It must feel fantastic to have a megasmash hit on your hands. Not just a big song but one of those massive million sellers that everybody knows. A song that moves out beyond radio and into the national subconscious so much that there are creatures on other planets who hum it while they eat breakfast. Of course the obvious downside is that nothing you ever do will ever come close to it and your great moment in the sun will cast a shadow over the rest of your career. At every concert Robert Plant plays there is a section of the audience desperately hoping he’ll play Stairway to Heaven and if Lynyrd Skynyrd opened with Freebird half the audience would go home knowing they’d seen what they came to see. Don Henly suffers from similar baggage. The millstone around his neck is called Hotel California. Throughout his solo career every song he’s ever done has suffered from the comparison.

Make no mistake about it, every song on this album is no Hotel California. Some get closer than others but there’s nothing that’s in even the same state (no Hotel San Diego or Hotel San Francisco). There are a few that are at least in the same country, even if they’re on the other seaboard.The problem with End of the Innocence are the songs which are so far from Hotel California they’re not even on the same continent. A collection of slower songs in the middle of the album might as well be renamed Hotel Brussells, Hotel Leningrad and Hotel Yackandandah. They’re genuinely awful songs and you actually get the sense that Henly knows it. He sings Shangri la in a style that I could only describe as apologetic.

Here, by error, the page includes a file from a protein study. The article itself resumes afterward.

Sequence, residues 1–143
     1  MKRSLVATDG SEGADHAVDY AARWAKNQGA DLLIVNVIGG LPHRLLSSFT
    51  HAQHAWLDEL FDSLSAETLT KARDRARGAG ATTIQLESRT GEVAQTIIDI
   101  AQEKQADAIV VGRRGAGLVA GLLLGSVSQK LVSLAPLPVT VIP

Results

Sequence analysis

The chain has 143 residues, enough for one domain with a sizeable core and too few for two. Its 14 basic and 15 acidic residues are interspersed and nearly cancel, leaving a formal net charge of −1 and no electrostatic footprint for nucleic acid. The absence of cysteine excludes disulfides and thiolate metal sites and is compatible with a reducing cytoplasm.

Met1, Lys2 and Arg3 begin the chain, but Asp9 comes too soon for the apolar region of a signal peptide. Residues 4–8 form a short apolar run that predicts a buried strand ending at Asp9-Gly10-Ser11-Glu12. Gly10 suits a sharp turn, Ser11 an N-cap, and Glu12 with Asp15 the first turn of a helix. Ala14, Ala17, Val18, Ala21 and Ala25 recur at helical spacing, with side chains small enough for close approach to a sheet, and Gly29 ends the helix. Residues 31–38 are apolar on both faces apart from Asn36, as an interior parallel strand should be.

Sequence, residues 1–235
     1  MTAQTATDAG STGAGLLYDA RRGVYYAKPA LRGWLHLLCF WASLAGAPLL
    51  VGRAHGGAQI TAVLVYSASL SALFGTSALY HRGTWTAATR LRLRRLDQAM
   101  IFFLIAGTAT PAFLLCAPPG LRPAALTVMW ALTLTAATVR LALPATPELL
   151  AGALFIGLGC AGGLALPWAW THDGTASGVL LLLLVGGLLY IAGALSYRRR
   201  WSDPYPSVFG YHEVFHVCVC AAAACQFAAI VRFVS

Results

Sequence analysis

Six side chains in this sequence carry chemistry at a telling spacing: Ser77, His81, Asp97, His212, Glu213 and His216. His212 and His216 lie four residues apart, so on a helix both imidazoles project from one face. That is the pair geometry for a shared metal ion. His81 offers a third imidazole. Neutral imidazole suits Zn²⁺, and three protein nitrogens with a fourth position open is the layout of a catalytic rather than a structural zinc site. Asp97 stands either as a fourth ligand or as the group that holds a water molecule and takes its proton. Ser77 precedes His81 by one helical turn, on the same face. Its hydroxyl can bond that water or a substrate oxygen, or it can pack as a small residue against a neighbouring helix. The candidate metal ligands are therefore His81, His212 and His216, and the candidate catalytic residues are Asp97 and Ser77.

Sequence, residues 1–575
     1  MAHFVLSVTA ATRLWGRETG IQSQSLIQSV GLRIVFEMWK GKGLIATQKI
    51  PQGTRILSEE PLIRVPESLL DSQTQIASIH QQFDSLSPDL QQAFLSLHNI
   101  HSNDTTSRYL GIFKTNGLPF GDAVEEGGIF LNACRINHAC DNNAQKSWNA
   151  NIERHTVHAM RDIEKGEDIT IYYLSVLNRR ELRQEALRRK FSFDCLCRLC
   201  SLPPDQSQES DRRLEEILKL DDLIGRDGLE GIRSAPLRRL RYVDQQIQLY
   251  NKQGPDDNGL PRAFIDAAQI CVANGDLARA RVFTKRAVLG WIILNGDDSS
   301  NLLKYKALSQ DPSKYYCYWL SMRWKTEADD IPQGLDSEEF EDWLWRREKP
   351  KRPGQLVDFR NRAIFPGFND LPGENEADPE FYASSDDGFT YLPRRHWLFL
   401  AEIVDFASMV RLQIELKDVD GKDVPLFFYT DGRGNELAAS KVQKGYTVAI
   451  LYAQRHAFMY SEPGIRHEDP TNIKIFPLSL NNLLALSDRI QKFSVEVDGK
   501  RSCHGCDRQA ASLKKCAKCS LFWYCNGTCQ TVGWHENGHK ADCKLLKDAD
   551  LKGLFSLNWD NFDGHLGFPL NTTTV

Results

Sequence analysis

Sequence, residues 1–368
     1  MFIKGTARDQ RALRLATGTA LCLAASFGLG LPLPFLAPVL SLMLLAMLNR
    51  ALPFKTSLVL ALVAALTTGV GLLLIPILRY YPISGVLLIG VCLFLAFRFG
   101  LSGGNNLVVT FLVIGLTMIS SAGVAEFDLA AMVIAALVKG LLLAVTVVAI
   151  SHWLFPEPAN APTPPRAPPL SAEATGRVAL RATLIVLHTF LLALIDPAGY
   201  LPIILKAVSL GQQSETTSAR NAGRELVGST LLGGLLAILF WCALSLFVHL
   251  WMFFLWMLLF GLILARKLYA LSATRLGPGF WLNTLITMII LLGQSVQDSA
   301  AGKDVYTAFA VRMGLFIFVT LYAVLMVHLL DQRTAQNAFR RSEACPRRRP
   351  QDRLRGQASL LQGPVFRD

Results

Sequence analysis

But there are some good moments on this album, most notably the title track which benefits from what I can only describe as “the Bruce touch.” If I was going to put together a top 500 album list then Bruce Hornsby would be appearing a lot more often, and not just supporting someone else but as an artist in his own right. You probably know Bruce from The way it is which still gets radio play and I even heard recently as backing muzac in a Japanese drug store. Hornsby cowrote the end of innocence and recorded a version himself. While I’ve got nothing against Henly’s voice I’d take Bruce’s version any day of the week. I’m not someone who normally gets excited by vocalists but Hornsby is a singer that I really admire and a pianist who has few equals. The best rendition of this track I’ve ever heard is done by Hornsby alone at a grand piano with an audience hanging on his every word. I’ve got lots of live Bruce and every version he does is different.